A Search field also appears at the top of the main pane. Type in there to see documents that match your search string, no matter where they’re located.

To change the currently selected location and view its contents, tap a location in the Browse sidebar’s Locations list. Although the location you’ll probably use most often is iCloud Drive, you can use On My iPhone/iPad to keep documents in the app’s local storage instead of in the cloud.

In addition to the Locations list, the Browse sidebar offers a Tags section: tap a tag to show items that bear the tag in the main pane.

No matter what location you are viewing, the area at the top of the main pane contains buttons you can tap to arrange the pane’s contents and a button at the right to change the display from a thumbnail grid to a more compact vertical list. If those buttons aren’t visible, pull down on the main pane to bring them into view.

You also have other storage locations available to you. These locations can be supplied by third-party vendors, such as Dropbox or Google, or be provided by connected WebDAV servers. Tap the Edit button at the top of the sidebar to show or hide any of them and to change their order.

There is one item in the Locations section of the Browse sidebar that you can’t move or hide: Recently Deleted, at the bottom of the list. Tap it to see all the items you have deleted from the app over the last 30 days — that is, anything that Apple has a say about; third-party developers and server administrators may keep or discard items according to their own policies.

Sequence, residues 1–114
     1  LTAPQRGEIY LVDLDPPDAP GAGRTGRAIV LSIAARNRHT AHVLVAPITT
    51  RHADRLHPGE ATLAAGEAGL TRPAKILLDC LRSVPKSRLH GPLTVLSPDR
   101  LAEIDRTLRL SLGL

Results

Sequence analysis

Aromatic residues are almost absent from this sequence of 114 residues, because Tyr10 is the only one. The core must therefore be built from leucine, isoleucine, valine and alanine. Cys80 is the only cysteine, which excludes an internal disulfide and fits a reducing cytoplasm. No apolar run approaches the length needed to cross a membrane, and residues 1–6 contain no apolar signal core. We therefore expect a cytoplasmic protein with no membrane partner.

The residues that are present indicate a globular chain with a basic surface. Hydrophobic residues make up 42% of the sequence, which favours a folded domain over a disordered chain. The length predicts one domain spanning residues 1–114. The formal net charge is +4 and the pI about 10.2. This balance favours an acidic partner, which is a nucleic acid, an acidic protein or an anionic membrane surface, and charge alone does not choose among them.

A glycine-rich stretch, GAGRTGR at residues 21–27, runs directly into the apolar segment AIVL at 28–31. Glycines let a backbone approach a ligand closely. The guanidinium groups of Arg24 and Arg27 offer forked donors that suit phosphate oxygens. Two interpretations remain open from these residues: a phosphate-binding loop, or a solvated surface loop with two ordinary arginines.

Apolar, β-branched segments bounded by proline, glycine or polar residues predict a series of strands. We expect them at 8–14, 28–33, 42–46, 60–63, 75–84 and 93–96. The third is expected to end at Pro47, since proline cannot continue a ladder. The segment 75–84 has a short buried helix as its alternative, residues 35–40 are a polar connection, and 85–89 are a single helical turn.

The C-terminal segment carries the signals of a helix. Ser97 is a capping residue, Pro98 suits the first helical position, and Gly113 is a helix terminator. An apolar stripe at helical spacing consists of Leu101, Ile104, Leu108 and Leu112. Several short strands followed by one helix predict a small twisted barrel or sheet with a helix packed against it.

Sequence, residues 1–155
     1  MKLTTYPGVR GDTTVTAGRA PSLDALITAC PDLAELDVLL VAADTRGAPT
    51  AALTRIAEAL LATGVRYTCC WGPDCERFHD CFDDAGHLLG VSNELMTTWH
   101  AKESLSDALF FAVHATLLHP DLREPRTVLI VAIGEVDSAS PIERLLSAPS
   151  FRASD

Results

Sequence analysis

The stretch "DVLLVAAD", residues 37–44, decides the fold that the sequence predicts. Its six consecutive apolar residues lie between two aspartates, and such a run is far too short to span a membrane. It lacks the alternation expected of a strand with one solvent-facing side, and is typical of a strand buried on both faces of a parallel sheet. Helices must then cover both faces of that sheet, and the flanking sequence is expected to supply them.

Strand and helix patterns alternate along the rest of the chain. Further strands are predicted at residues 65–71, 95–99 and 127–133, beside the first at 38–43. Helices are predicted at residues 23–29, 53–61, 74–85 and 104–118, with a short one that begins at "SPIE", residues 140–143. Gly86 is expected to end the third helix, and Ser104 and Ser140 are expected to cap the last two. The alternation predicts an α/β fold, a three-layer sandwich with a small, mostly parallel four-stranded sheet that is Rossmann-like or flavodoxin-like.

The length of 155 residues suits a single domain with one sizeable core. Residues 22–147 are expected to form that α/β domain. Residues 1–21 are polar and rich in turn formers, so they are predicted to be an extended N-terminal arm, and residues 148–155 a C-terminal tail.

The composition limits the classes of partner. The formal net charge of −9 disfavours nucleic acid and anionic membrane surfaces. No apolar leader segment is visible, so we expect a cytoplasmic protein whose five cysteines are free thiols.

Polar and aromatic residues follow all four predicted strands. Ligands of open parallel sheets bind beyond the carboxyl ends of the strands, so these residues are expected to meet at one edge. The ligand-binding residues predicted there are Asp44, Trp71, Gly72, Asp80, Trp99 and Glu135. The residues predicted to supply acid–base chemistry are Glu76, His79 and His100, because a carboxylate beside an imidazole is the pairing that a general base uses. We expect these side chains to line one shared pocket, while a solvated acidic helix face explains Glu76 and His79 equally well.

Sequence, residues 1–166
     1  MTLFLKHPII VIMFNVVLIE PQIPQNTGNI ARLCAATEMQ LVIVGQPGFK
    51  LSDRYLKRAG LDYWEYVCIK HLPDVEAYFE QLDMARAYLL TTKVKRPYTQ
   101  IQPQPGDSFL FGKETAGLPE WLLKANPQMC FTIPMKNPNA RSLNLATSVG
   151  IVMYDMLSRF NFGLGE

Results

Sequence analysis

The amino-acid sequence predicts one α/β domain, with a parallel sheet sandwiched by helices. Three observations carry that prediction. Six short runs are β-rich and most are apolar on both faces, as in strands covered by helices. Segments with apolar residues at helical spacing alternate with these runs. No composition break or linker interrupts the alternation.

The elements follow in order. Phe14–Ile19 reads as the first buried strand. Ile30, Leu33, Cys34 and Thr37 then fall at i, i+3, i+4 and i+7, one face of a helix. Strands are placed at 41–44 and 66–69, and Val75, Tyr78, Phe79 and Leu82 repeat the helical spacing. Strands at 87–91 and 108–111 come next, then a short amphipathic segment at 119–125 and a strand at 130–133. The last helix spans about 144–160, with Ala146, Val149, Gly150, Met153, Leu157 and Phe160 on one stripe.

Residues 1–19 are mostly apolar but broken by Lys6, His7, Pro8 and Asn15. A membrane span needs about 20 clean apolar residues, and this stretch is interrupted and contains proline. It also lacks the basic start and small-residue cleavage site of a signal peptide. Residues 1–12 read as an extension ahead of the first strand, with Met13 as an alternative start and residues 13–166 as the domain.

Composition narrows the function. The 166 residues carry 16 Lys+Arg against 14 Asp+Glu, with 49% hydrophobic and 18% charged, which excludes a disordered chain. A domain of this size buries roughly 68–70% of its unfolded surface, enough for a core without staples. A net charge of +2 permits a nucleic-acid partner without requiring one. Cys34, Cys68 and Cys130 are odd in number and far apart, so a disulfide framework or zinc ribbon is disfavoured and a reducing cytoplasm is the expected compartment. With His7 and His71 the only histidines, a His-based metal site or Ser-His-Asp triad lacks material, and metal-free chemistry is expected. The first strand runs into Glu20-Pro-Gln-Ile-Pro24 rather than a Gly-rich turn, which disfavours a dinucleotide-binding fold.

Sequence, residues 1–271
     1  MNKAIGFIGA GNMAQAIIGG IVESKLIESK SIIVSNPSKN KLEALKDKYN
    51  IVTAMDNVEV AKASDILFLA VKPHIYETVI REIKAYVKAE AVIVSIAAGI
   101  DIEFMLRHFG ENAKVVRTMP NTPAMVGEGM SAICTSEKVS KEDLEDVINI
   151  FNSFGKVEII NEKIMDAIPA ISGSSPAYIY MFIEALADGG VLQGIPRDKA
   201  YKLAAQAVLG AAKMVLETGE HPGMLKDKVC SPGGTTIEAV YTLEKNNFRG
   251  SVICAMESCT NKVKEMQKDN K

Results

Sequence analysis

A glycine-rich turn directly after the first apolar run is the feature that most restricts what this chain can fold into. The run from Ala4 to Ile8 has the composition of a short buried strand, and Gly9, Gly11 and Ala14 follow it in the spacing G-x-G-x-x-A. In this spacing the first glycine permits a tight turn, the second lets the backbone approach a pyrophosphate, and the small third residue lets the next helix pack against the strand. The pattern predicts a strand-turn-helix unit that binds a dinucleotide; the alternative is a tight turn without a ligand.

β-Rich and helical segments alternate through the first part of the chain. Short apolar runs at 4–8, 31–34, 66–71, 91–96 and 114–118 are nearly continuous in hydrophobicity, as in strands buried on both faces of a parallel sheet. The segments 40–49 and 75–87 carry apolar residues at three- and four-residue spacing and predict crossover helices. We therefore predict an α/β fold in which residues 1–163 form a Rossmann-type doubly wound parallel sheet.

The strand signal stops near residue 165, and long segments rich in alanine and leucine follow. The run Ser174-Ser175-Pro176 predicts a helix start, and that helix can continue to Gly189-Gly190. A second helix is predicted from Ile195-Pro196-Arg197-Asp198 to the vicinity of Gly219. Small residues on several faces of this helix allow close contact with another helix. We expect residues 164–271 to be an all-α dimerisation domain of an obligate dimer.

Finally in the Browse sidebar, between the Locations list and the Tags list, you’ll find a list of Favorites. I’ll describe what that is all about when we turn to…

Folder-all and Fiddle-Dee-Deep — iOS 11 treats folders differently than in the past. In prior versions of iOS, folders within an app’s iCloud Drive App Library folder (such as the Pages folder in iCloud Drive) could be nested only one level deep. That restriction has gone away; you can now nest folders within App Library folders as deeply as you like.

You also create folders differently than in earlier versions of the iWork apps. Rather than dragging one document onto another to create a folder containing them both, you now tap the New Folder button near the top left of the pane. Yes, you can now have empty folders!